Achieving a functional cure for HIV that allows cessation of anti-retroviral therapy (ART) will require development of specific strategies to recognize and deplete infected cell reservoirs. HIV-1 establishes a pool of latently infected, resting memory CD4+ T cells during primary infection that persist during ART treatment with and can resume active viral replication within weeks following treatment interruption. The latent reservoir is very stable with a half-life of 44 months in the presence of ART, may be replenished during intermittent viremia or by homeostatic proliferation of latently infected cells, and is not significantly diminished by ART intensification. Importantly, establishment of active and latent HIV reservoirs occurs primarily in the secondary lymphoid tissues of the body, and therefore these tissues are the central battleground for HIV immunotherapy. The mucosal immune system in the oral cavity is an extensive and compartmentalized mucosaassociated lymphoid tissue (MALT) with a specialized microanatomy and composition adapted for defense against oral pathogens. While HIV is uncommonly transmitted via the oral route, the rich lymphoid environment of the oral MALT, particularly the tonsils, makes these tissues highly susceptible to infection and establishment of HIV reservoirs. Efforts to eradicate HIV infection in patients will undoubtedly need to identify the specific populations of cells harboring latent virus in the oral cavity and devise strategies to effectively destroy these cells. To date, the majority of research into HIV latency in vivo has been derived from analysis of circulating quiescent T cells, which differ significantly from lymphoid tissues that support the majority of viral replication in infectd individuals and serve as the initial seeding ground for latent founder virus populations. The overarching goal of this application is to define cells in the oral MALT that are susceptible to HI infection-and therefore potential reservoirs of latent infection-and to explore a novel natural killer (NK) cell approach to eradicating latently infected cells. To achieve this goal, we have established a highly collaborative team of experts in HIV virology and latency (Drs. Karn, McDonald, and Tilton) and oral mucosal immunology (Dr. Pandayan) and leveraged novel and powerful flow cytometry and imaging technologies coupled to a robust tissue explant model using ex vivo cultured tonsillar tissues. We have established innovative protocols to model latent infection in tonsillar tissues as well as methods to expand and engineer autologous NK cell populations for destruction of infected cells in the tonsils. In this application, Dr. Tilton's grop will adapt novel flow cytometry assays developed by his group to identify targets of infection and latency in the oral cavity (Aim 1). Dr. McDonald will utilize his expertise in live cell fluorescene microscopy to directly visualize those infectious events within the living lymphoid tissue (Aim 2). Anchoring the team is Dr. Karn, who has played a central role in identifying the signaling machinery responsible for entry into and reactivation from HIV latency using chromatin immunoprecipitation (ChIP) and deep sequencing technologies. The Karn group will adapt the protocols they have developed to expand and genetically modify activated NK cells that are capable of specifically killing reactivated HIV infected cells (Aims 3 & 4). The successful completion of this work will for the first time identify cellular populations in the oral cavity susceptible to productive and latent HIV-1 infection, establish biologically relevant models of latent infection in these tissues, and explore a promising and novel strategy to eradicate infected cells using activated and expanded autologous or engineered NK cells. We believe our systematic approach of characterizing the HIV infected cells, monitoring NK cell killing ex vivo and engineering NK cells with specific chimeric antigen receptors will provide unprecedented insight into oral mucosal MALT cell populations susceptible to latent infection and permit development of new and effective technologies to clear latent HIV reservoirs in the oral cavity.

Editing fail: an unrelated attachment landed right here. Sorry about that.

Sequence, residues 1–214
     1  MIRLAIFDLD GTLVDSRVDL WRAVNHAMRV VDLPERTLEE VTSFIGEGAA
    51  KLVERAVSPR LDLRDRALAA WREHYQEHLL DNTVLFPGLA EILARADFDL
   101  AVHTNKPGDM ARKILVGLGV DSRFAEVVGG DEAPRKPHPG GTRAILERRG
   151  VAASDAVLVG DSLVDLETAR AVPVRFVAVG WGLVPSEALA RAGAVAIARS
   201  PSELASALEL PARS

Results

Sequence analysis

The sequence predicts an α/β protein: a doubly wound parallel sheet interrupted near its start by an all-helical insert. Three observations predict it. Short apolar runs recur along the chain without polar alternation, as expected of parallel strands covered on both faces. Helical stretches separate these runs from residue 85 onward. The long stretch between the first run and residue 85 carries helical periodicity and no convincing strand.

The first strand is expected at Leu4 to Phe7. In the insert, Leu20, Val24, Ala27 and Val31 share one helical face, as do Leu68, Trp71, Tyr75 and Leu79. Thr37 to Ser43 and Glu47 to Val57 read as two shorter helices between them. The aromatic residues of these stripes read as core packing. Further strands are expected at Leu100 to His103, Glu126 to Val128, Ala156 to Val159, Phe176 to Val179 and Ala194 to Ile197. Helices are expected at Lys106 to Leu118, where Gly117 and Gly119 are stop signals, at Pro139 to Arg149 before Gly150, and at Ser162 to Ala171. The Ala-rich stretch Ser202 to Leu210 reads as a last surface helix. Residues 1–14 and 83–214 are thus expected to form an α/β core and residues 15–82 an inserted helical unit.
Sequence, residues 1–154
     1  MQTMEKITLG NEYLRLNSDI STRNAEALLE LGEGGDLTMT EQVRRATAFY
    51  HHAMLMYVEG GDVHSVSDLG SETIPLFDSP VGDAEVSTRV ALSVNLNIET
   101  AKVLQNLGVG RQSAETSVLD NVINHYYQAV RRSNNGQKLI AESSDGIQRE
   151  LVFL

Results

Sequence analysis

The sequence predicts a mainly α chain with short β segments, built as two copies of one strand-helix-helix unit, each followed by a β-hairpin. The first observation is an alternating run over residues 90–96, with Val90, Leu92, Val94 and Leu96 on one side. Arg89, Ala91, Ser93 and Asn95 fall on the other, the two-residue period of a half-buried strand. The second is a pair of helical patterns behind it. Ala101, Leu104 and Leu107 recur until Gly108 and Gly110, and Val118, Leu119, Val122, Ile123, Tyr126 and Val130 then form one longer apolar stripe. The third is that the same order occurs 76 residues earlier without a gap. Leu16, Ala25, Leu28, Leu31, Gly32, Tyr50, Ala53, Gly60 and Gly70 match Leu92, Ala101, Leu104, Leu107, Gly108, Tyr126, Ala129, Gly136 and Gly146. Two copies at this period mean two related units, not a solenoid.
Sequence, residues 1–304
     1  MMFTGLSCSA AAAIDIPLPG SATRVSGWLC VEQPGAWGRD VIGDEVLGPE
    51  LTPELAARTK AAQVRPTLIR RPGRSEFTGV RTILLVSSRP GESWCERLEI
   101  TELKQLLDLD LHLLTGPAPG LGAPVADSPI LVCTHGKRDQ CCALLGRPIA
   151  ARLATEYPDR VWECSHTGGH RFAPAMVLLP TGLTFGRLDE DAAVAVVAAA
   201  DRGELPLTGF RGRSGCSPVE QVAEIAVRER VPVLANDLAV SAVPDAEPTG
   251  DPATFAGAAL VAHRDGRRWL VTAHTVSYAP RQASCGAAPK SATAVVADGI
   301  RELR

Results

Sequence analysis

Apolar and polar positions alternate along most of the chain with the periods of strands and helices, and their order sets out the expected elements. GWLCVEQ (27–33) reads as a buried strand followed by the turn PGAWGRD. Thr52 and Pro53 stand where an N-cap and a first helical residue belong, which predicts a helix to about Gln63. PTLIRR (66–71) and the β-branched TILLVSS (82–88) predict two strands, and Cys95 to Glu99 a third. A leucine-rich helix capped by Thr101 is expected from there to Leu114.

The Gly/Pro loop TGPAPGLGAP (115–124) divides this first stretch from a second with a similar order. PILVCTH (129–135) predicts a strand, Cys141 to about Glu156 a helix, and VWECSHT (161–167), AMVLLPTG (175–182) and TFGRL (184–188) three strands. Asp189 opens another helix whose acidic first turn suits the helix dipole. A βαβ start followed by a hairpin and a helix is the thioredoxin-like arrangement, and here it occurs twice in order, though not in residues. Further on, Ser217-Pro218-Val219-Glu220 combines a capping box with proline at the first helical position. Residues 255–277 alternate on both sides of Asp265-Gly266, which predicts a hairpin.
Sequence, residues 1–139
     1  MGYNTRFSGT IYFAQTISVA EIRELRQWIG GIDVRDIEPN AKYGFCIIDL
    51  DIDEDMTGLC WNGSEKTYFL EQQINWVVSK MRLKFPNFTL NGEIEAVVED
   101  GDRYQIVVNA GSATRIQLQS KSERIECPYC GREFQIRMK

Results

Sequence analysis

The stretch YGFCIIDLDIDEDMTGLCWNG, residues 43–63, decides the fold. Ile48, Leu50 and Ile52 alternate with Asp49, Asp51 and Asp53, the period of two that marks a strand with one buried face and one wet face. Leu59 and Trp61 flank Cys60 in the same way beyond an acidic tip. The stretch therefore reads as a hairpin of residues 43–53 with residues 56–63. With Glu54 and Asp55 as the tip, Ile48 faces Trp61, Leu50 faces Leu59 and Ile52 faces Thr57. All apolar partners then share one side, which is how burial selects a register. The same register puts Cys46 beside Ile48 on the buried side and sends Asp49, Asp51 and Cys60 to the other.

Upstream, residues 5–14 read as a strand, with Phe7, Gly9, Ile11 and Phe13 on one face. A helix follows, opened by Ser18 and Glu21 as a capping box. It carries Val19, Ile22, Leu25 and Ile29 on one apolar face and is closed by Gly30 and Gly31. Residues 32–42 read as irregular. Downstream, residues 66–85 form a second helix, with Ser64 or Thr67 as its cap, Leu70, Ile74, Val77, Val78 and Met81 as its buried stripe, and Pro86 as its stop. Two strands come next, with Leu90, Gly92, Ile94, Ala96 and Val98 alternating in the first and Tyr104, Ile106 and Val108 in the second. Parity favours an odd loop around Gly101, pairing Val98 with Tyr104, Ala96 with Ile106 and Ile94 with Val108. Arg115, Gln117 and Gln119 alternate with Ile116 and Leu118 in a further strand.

In the United States at least 1 million people are living with AIDS and require life-long treatment with antiretroviral drugs because HIV can remain silent in some cells, referred to as latent infection. Here we will be developing a strategy to identify and eliminate those latent cells that reside in the oral cavity using immune cells derived from the infected patients known as Natural Killer (NK) cells. Eradication of the latent cells provides a functional cure for the patients and will allow them to discontinue costly drug therapy.
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